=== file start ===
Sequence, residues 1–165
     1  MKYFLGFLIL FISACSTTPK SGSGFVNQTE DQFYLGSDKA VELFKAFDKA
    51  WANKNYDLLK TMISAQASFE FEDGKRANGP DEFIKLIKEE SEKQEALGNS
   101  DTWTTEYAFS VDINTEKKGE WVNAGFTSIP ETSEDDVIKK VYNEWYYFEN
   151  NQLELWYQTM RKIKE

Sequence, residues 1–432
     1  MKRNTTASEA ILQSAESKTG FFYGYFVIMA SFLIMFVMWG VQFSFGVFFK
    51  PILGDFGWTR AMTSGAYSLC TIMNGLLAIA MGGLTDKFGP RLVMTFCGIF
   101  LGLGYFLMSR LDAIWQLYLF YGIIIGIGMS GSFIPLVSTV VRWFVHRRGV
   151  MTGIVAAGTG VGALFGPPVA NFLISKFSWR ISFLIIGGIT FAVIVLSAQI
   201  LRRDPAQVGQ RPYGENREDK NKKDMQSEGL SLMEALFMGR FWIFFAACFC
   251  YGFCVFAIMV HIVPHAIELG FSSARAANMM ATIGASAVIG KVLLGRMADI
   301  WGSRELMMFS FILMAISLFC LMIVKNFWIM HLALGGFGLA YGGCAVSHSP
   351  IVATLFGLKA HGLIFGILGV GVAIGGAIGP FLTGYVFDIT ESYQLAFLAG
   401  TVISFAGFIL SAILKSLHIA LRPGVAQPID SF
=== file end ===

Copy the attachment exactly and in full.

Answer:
Sequence, residues 1–165
     1  MKYFLGFLIL FISACSTTPK SGSGFVNQTE DQFYLGSDKA VELFKAFDKA
    51  WANKNYDLLK TMISAQASFE FEDGKRANGP DEFIKLIKEE SEKQEALGNS
   101  DTWTTEYAFS VDINTEKKGE WVNAGFTSIP ETSEDDVIKK VYNEWYYFEN
   151  NQLELWYQTM RKIKE

Sequence, residues 1–432
     1  MKRNTTASEA ILQSAESKTG FFYGYFVIMA SFLIMFVMWG VQFSFGVFFK
    51  PILGDFGWTR AMTSGAYSLC TIMNGLLAIA MGGLTDKFGP RLVMTFCGIF
   101  LGLGYFLMSR LDAIWQLYLF YGIIIGIGMS GSFIPLVSTV VRWFVHRRGV
   151  MTGIVAAGTG VGALFGPPVA NFLISKFSWR ISFLIIGGIT FAVIVLSAQI
   201  LRRDPAQVGQ RPYGENREDK NKKDMQSEGL SLMEALFMGR FWIFFAACFC
   251  YGFCVFAIMV HIVPHAIELG FSSARAANMM ATIGASAVIG KVLLGRMADI
   301  WGSRELMMFS FILMAISLFC LMIVKNFWIM HLALGGFGLA YGGCAVSHSP
   351  IVATLFGLKA HGLIFGILGV GVAIGGAIGP FLTGYVFDIT ESYQLAFLAG
   401  TVISFAGFIL SAILKSLHIA LRPGVAQPID SF